Do the sensory neurons influence arborization of the lobe interneurons into specific glomeruli? The interneurons are of two broad classes: (1) the projection neurons that arborize within single glomeruli and send axons into higher brain centers including the mushroom body and the lateral horn; and (2) the local interneurons that connect the glomeruli within the same lobe and also connect corresponding glomeruli in both lobes (Stocker, 1994). The GH146-Gal4 line coupled with GFP allows the visualization of about 90 projection neurons that lie in three clusters anterodorsal, lateral and ventral to the antennal lobe (Stocker et al., 1997; Jefferies et al., 2001).

We used the GH146 line to study the effect of sensory innervation on projection neuron targeting. In late pupae, these neurons target to well defined glomeruli (asterisk in Fig. 5D,E). Patterning of these interneurons is temporally correlated with the arrival of sensory neurons into the lobe; hence, at the mid-pupal stage (∼45 hours APF), several glomeruli become recognizable (Fig. 5G, asterisk). In ato1/Df(3R)p13 pupae, projection neurons enter the lobe but fail to target to proto-glomerular sites (Fig. 5F,H). These neurons invade the lobe well before sensory neurons have differentiated (Fig. 5I), although dendritic arborization requires the presence of sensory afferents. From our experiments, we are unable to ascertain whether the putative instructive signals come from the Ato-dependent neurons or are a general property of all olfactory neurons.

DISCUSSION

Our results from the genetic manipulation of sensory neurons on the antenna can be interpreted in the context of the events that take place during normal development. The adult olfactory lobe in Drosophila is built upon a pre-existing larval structure by addition of interneurons that arise by proliferation of identified neuroblasts during larval life (Tissot et al., 1997; Stocker et al., 1997; Jefferies et al., 2001). The glomerular innervation of these interneurons is pre-specified by lineage and birth order, and they enter the pupal lobe well before sensory neurons are chosen from cells on the antennal disc (Ray and Rodrigues, 1995; Reddy et al., 1997) (Fig. 6A). At this stage, however, there is no evidence of glomerular patterning and dendrites of the projection neurons have not terminated into their appropriate proto-glomeruli. The first olfactory neurons to enter the brain are those of the Ato-lineage, which remain at the periphery of the lobe for several hours after arrival (Fig. 6B). These afferents, together with those of the basiconic and trichoid sense organs, which arrive later, invade the lobe at around 30 hours APF. Glial processes are elaborated and dendritic arborization of projection neurons occurs after targeting of sensory afferents is initiated (Fig. 6C). Neurons of the Ato lineage are key players in these patterning events; in their absence, none of the other sensory afferents or the projection neurons or glia can target correctly to glomeruli (Fig. 6D). This leads us to propose a functional role as pioneers to neurons projecting from the Ato-derived sense organs.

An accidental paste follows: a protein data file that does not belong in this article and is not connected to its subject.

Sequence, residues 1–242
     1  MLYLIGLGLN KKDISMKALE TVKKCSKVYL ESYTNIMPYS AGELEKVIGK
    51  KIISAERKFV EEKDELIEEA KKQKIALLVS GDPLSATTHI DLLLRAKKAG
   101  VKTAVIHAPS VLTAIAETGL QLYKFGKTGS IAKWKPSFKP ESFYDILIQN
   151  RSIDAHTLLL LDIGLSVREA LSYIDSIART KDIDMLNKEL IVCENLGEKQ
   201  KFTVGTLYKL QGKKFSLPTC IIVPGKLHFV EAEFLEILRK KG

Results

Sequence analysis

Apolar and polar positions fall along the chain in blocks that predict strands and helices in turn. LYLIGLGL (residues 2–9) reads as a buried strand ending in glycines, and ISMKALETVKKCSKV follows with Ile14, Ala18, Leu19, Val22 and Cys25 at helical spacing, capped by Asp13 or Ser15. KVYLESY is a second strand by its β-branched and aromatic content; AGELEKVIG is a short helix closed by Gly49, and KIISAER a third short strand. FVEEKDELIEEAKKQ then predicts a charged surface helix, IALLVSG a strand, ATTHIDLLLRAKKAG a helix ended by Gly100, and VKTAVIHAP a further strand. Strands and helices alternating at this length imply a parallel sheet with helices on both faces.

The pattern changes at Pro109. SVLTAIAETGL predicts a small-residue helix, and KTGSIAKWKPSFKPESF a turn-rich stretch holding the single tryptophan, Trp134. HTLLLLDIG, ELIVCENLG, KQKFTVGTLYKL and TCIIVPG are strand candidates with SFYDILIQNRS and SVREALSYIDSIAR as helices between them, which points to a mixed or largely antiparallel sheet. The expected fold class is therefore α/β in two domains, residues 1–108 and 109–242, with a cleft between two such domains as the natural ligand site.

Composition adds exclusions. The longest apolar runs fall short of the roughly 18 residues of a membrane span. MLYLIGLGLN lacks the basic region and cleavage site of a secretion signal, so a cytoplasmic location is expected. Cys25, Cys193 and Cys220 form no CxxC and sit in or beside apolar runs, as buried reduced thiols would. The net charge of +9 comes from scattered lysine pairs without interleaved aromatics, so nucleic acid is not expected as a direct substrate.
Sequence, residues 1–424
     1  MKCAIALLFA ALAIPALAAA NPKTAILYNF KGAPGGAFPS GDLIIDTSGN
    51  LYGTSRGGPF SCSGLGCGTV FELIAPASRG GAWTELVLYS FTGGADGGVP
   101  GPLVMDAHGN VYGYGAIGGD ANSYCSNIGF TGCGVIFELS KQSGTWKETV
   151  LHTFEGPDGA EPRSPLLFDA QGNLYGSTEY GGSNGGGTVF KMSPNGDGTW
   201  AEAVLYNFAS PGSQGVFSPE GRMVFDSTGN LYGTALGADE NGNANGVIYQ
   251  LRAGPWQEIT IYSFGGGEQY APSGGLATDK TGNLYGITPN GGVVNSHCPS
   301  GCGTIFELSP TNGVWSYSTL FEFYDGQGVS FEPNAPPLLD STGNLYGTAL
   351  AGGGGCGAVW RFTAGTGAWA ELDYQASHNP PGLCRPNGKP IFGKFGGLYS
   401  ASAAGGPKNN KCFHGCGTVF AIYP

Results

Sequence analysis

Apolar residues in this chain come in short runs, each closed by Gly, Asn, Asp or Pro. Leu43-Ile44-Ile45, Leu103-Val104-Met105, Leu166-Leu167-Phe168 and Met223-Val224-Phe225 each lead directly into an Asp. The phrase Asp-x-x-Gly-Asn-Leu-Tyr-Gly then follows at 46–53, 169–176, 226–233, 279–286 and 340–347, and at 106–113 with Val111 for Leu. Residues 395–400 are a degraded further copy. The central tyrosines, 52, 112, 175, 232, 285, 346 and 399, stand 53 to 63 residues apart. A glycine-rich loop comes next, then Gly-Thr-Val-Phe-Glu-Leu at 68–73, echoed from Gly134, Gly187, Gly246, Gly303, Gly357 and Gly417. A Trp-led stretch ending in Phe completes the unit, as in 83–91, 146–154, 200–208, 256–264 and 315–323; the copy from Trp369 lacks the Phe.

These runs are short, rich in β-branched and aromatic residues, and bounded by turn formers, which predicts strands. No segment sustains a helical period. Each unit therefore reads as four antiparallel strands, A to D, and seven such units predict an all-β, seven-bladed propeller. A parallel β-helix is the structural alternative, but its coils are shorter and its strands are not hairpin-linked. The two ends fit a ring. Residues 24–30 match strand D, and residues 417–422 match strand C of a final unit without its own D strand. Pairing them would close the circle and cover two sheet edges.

The adult olfactory lobe is built upon a pre-existing larval template using instructive cues from sensory inputs

Drosophila larvae have rather well developed olfactory behavior, although the level of discrimination is not as sophisticated as that in the adult (Monte et al., 1989; Ayyub et al., 1990). Exposure to chemical stimuli at the larval stage can influence olfactory behavior in the adult (Thorpe, 1939; Tully et al., 1994). It is tempting to speculate that the larval olfactory lobe provides a pre-pattern upon which adult structures are remodeled. There are about 21 larval olfactory neurons that project from the dorsal organ to glomerular-like terminals within the lobe (Heimbeck et al., 1999). Before histolysis, the larval antennal nerve serves to guide axons of the adult olfactory neurons, which arise in the antennal disc, to the brain (Tissot et al., 1997).